At Uzbekistan’s National Centre for the Social Adaptation of Children (NCSAC), children with disabilities and special needs can find the care, services, and attention they need to achieve their full potential. As Uzbekistan’s leading nonprofit dedicated to supporting these underserved youngsters, NCSAC employs a committed team of specialized professionals who work across a wide range of therapeutic disciplines to create the best development approach for each individual child.
One of the many therapies NCSAC offers is Montessori education. Developed by Dr. Maria Montessori in the early years of the 20th century, the Montessori method remains a very popular approach to early childhood education and is increasingly used as a technique for working with children with special needs. Read on to learn more about the basic principles of the Montessori approach and how it can benefit children with disabilities.
What is Montessori education all about?
Dr. Maria Montessori was one of the first pioneers of truly child-centered education. The approach she developed was a holistic one that treated physical, emotional, social, and cognitive growth as equally important. The following are some of the fundamental principles underlying the Montessori method:
Respect for the child—All other Montessori principles rest upon the cornerstone of respect for the child. Lamenting the fact that, all too often, we are overbearing and rude to children and expect them to submissively fall into line, Montessori instead proffered a radical proposition: that we respect children and treat them with exactly the kindness that we want them to develop themselves.
Auto-education—Working from a belief in what she referred to as “the absorbent mind,” Montessori was a strong advocate for the idea that children educate themselves. In essence, she argued, children can’t help learning; simply by living, they are continually absorbing lessons from their environment and constantly sharpening their readiness and ability to learn. The concept of “choice” is an important part of this principle: in Montessori classrooms, children freely choose their work. They decide what to do, do it for as long as they are inspired to, and move on to another activity when they are ready.
Sensitive periods—Alongside the auto-education principle described above, Montessori also believed that children go through what she called “sensitive periods” in which they are more susceptible to particular behaviors and have an easier time learning specific skills (for example, there is a sensitive period for reading, another for writing, etc.). However, while all children experience the same sensitive periods, the timing and sequence of these periods are different for every child.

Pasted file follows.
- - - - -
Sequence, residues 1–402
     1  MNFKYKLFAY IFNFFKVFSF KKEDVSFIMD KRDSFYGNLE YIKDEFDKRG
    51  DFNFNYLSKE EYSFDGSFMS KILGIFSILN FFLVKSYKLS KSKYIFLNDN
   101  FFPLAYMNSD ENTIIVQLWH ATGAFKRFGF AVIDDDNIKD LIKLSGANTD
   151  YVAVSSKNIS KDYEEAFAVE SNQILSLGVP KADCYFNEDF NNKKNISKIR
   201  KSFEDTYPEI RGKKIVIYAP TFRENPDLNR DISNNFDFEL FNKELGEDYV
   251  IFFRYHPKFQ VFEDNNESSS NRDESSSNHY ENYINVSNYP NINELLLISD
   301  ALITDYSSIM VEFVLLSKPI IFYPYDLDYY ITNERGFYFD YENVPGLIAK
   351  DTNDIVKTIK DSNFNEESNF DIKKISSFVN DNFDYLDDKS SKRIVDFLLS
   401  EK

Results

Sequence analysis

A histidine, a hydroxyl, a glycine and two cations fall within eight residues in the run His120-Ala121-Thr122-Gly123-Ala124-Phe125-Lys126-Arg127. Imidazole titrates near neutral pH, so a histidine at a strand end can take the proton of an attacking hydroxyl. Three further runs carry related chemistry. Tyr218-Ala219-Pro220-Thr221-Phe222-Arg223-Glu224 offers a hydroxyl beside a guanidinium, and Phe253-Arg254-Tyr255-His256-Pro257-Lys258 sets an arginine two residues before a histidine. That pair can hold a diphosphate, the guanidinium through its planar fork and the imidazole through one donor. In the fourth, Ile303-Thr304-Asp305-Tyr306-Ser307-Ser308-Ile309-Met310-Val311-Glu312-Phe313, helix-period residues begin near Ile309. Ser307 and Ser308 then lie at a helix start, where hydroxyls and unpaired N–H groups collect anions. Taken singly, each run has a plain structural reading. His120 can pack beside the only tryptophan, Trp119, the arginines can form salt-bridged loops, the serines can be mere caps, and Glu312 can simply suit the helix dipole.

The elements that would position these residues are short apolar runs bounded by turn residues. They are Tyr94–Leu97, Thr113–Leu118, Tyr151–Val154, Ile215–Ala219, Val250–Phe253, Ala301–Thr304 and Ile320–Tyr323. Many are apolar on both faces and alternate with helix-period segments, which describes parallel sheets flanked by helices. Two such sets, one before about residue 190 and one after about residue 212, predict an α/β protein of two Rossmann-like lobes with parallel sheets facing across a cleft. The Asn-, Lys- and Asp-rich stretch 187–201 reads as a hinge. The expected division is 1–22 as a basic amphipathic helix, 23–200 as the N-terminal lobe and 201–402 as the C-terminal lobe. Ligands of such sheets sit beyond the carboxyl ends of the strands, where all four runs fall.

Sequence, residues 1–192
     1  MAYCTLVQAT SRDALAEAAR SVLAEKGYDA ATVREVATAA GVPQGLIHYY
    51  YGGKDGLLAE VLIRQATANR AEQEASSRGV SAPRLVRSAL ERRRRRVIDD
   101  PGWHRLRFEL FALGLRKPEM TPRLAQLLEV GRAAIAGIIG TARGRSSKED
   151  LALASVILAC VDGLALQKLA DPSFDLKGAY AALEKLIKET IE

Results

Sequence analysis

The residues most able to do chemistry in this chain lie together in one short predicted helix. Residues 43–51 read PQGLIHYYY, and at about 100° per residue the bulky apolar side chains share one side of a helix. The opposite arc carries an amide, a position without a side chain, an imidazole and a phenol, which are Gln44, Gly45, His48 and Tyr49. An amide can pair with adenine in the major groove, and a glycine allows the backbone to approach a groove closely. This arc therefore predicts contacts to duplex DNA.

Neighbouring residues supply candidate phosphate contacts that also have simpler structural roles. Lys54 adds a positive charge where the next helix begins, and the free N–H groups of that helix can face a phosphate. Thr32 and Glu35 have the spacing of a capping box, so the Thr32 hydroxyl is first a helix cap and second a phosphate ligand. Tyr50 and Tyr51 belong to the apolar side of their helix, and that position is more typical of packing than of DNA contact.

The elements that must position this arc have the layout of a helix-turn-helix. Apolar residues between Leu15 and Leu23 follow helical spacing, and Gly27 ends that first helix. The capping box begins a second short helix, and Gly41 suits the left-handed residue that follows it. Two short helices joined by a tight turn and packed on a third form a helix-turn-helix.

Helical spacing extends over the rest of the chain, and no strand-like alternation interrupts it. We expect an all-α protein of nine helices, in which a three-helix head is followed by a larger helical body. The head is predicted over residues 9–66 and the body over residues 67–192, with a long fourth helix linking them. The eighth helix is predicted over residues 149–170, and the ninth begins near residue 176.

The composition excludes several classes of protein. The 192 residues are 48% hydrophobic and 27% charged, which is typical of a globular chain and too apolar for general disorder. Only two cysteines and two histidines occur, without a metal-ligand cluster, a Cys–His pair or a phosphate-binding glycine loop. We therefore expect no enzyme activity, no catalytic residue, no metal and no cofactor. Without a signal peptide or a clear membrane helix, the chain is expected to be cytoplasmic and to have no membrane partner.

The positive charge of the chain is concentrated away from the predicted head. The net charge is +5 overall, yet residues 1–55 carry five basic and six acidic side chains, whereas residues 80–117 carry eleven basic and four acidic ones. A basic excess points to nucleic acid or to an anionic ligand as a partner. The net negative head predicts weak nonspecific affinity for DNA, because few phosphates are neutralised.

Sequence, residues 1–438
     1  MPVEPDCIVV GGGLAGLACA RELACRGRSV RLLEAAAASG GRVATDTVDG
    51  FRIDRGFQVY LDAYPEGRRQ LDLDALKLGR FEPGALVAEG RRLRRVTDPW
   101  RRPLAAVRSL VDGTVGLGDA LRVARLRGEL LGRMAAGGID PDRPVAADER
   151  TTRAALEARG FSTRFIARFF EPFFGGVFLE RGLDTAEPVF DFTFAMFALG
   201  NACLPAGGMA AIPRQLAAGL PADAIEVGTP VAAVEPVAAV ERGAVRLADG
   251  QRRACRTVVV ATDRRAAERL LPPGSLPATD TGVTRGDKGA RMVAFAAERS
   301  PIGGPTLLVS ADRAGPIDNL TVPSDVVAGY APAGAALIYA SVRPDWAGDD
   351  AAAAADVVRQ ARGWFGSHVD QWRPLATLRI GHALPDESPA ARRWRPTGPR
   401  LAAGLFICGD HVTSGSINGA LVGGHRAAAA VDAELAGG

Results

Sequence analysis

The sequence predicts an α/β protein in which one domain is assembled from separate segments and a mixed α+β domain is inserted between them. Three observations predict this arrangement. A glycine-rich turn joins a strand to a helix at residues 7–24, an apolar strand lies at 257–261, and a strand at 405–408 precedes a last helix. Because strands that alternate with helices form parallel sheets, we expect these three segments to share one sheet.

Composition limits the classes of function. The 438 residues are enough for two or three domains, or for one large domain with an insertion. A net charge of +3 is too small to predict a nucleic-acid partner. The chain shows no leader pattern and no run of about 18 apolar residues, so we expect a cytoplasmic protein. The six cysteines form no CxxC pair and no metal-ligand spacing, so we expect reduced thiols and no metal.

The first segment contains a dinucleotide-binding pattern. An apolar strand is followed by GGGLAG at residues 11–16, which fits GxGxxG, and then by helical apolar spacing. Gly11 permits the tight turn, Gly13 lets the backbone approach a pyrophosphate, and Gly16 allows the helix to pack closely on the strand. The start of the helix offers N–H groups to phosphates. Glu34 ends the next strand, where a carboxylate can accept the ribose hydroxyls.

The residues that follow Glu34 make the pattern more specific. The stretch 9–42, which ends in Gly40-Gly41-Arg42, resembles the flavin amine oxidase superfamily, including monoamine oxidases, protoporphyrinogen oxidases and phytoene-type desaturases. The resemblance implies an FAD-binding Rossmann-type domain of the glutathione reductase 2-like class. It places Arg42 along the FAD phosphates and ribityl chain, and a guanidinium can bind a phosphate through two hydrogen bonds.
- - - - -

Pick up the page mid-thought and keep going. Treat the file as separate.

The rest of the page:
The prepared environment—The Montessori approach places a great deal of importance on the environment where learning happens. To facilitate children’s natural absorption of lessons from their surroundings, Montessori advocated for a “prepared environment” in which learning materials and experiences are easily and readily available for children to explore and choose from. This helps to foster a learning experience that is independent and active.
How can Montessori education benefit children with special needs?
It’s clear from the previous descriptions of various Montessori principles that there are a number of reasons why this approach is well-suited to serving children with disabilities or special needs. These include the following:
Sensory engagement—Materials in a Montessori classroom are designed to be beautiful and to appeal to all the senses. They are deliberately hands-on and offer an enticing and active therapeutic experience. This can be a great benefit to children with disabilities, as they are free to engage with materials in a way that works for them rather than having to fit into a traditional lesson plan or learning experience. In addition, most materials deliberately teach only one skill at a time, thus preventing children with special needs from becoming overwhelmed.
Multi-age classrooms—Montessori classes contain multi-age groups. This not only allows children with special needs to more easily observe and learn from older children (who may also be better able to offer help), it also makes it easier to “hold back” a child who needs to repeat a grade without removing them from an existing peer group.
Consistency—In a Montessori classroom, students typically remain with the same teacher for a three-year cycle. This helps the teacher build a strong and long-term relationship with both a special needs child and his or her parents. It also takes away the potential stress of having to adapt to a new teacher and a new classroom at the beginning of every school year.
Self-paced learning—For many children with disabilities, it’s the pace of learning, even more so than the skills they are learning, that can be a challenge. But because Montessori students have the freedom to work at their own pace and according to their own inclination, children with special needs don’t have to feel rushed or like they need to keep up with their peers.
An open philosophy—One of the biggest benefits that children with disabilities can experience in a Montessori classroom is a greater level of peace, cooperation, and respect. The fact that the Montessori philosophy emphasizes these traits so highly means that children with special needs are much less likely to be ostracized and much more likely to receive support and encouragement than children in a traditional classroom.